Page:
Planning with Conflicting Specifications

Autonomous systems may be subject to several requirements. Consider, as an example, autonomous vehicles that need to follow the road rules. Often, these rules cannot be simultaneously satisfied. For instance, when encoutering a vehicle that is (improperly) parked next to the solid line, an autonomous vehicle may need to violate the lane keeping rule (which prohibits the vehicle from crossing solid lane boundary) or the obstacle clearance rule (which requires the vehicle to keep some safety gap when passing a parked vehicle). Another example is the trolley problem where autonomous systems need to choose which safety requirements to violate. More complications arise when taking into account uncertainties, e.g., in perception, prediction, control, etc.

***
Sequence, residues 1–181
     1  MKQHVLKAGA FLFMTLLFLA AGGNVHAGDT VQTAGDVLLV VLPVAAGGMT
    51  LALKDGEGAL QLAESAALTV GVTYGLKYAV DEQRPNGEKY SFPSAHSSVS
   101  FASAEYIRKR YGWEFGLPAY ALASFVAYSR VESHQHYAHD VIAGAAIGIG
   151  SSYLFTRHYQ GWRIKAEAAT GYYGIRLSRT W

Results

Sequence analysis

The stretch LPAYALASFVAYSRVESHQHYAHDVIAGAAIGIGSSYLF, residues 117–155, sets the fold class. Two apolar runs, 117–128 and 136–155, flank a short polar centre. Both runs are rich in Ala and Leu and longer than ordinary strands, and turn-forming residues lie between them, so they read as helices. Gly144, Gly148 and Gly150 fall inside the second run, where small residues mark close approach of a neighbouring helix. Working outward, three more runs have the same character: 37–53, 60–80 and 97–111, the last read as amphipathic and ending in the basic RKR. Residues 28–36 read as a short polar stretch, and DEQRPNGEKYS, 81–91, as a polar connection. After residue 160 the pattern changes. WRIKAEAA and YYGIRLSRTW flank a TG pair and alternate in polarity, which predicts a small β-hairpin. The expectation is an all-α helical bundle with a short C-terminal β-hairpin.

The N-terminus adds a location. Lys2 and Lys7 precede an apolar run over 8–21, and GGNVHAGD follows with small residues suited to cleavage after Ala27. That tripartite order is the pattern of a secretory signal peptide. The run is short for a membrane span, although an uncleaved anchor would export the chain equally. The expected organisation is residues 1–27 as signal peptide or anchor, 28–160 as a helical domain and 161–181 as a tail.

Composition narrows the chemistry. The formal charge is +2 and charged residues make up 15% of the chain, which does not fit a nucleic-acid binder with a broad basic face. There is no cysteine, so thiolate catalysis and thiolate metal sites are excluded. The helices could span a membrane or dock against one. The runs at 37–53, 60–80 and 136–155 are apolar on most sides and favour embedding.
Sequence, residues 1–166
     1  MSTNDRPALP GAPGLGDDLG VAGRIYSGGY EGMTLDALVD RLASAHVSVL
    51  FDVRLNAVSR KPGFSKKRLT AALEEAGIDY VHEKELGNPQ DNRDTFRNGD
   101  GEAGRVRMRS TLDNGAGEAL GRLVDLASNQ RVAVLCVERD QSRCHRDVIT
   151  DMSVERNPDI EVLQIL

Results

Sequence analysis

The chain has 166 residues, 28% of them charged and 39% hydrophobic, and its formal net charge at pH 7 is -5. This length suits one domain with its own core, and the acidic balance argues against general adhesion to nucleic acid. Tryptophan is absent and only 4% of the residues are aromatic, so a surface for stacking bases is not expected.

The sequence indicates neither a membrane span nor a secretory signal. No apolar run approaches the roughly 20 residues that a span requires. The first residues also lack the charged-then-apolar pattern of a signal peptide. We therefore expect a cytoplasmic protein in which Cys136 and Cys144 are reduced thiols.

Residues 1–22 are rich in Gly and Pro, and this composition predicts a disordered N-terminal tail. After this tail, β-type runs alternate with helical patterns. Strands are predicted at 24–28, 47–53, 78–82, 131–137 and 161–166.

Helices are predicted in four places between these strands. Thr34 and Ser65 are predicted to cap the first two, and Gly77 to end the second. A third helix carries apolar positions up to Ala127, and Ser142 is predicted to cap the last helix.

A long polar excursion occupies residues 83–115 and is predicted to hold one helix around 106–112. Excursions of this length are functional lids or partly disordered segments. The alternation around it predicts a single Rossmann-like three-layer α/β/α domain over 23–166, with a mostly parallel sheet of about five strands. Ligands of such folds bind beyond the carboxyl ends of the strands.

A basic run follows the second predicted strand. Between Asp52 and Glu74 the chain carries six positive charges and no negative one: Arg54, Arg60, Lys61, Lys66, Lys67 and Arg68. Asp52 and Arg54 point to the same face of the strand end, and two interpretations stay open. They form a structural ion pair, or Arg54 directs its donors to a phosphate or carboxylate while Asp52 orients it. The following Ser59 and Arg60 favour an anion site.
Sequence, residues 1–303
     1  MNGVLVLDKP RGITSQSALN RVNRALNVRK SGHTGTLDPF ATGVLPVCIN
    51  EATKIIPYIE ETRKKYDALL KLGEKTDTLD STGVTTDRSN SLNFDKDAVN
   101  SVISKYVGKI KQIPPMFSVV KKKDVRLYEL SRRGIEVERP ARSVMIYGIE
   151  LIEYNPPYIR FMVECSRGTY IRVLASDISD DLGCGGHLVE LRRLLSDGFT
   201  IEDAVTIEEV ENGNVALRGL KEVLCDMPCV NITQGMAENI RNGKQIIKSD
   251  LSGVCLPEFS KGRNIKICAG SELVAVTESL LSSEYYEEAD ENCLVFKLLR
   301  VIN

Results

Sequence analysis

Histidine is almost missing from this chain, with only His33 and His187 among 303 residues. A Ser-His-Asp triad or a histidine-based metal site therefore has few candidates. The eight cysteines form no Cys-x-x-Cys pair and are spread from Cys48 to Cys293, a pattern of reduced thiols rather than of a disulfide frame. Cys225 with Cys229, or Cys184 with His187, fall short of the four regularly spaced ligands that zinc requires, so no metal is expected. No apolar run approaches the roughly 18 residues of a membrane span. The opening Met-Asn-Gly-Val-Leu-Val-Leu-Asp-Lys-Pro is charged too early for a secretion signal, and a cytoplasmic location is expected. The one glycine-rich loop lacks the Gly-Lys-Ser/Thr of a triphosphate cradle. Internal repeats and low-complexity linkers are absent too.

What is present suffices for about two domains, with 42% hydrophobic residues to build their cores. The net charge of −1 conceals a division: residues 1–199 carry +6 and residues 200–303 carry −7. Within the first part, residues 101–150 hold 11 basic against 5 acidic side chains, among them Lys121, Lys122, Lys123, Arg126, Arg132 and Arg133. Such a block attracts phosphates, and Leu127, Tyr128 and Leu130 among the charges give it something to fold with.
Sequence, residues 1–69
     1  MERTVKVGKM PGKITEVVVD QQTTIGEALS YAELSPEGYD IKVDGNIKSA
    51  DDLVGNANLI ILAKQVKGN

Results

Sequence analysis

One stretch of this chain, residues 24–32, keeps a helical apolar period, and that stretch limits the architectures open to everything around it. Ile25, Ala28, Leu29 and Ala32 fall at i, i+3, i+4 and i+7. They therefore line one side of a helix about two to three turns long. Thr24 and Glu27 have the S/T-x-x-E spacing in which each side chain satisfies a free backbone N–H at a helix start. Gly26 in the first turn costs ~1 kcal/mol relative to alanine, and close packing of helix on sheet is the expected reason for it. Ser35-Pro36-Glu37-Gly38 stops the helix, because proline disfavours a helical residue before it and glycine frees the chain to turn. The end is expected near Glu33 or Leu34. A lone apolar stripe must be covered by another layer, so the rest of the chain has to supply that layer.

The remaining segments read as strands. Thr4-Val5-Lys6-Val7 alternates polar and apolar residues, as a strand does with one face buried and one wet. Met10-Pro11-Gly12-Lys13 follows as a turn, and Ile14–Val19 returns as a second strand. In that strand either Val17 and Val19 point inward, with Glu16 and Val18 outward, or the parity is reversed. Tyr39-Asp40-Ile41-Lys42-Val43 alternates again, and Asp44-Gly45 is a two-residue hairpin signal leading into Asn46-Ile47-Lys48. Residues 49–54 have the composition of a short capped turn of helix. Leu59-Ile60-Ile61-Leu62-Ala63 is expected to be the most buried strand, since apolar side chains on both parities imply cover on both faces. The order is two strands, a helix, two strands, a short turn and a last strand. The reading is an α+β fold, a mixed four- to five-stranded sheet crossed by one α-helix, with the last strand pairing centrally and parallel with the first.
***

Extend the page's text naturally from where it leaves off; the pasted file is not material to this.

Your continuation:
The goal of this project is to develop planning and decision-making algorithms for systems that are subject to multiple, potentially conflicting objectives. These objectives may be represented by a combination of cost functions (e.g., control efforts) and temporal logic formulas (e.g., rules of the road), with associated violation metrics.

Tichakorn (Nok) Wongpiromsarn
Tichakorn (Nok) Wongpiromsarn
Assistant Professor

My research focuses on formal methods, motion planning, situational reasoning, hybrid systems, and distributed control systems.